The Tikkunei HaZohar, David explains, is concerned with the Divine presence in the various domains of the universe as well as in exile. Among other things, he considers the Tikkunei HaZohar’s discussion of the feminine Divine presence – the Shekhinah – and Her quest to find unity and completion with Her male counterpart, the blessed Holy One.

The final text David examines is Sefer HaTemunah, which is predominantly concerned with the Divine in time. All things emanate from G-d and return to Him, David explains, and time is divided into cosmic cycles.

In discussing these three important texts, David provides the historical and cultural background to their emergence in Jewish history and their impact on mystical thinking. He also shows his audience the size and presentation of the books and discusses their availability for interested readers – in English, Hebrew, and Aramaic.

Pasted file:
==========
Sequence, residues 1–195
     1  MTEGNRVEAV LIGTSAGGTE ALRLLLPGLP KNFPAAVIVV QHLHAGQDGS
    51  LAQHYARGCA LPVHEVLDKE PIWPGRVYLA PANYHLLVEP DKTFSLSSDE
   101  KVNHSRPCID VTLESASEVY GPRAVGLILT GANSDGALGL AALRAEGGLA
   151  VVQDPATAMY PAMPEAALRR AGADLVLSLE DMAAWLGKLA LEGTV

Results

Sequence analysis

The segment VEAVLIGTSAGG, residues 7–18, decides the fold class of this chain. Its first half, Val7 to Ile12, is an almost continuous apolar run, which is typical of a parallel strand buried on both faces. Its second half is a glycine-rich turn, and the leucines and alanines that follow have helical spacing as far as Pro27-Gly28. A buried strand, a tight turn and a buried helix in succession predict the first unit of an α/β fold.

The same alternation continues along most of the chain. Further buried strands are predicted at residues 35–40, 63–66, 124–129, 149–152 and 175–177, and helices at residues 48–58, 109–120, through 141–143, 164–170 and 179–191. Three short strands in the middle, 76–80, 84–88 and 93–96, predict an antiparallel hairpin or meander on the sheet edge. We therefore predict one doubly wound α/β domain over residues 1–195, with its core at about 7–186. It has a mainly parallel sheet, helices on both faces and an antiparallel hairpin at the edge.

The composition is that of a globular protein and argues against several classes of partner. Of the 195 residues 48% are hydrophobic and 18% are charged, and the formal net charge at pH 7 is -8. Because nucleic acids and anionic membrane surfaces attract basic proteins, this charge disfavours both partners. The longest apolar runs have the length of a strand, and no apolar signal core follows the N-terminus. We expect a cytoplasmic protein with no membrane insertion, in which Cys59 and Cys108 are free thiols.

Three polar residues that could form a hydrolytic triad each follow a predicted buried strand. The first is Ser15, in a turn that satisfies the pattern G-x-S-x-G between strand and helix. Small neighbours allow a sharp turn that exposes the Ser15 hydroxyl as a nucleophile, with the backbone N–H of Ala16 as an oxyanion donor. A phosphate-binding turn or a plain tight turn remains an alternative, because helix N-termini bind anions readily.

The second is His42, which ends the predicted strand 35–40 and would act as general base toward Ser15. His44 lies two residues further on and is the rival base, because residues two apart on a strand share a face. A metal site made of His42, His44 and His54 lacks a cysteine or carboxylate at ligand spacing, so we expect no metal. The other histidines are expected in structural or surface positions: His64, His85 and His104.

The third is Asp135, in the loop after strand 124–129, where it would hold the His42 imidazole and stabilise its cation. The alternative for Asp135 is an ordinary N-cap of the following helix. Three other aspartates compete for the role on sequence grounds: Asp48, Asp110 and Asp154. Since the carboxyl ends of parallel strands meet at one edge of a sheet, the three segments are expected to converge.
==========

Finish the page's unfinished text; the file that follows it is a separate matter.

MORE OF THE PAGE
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#102 A Kabbalistic Journey Through Time (1)

David provides a remarkable historical overview of the origins of Kabbalah through the emergence of its early fundamental texts. The series explores numerous questions regarding the development of Kabbalah:

  • What are the key kabbalistic books to have shaped our understanding of Jewish mysticism?
  • When did they appear?
  • And what were the profound ideas they contributed which would shape our understanding of the mystical dimensions of heaven and earth?

This first lecture in the series examines three early kabbalistic texts:

  • Sefer Yetzirah,
  • Sefer Bahir, and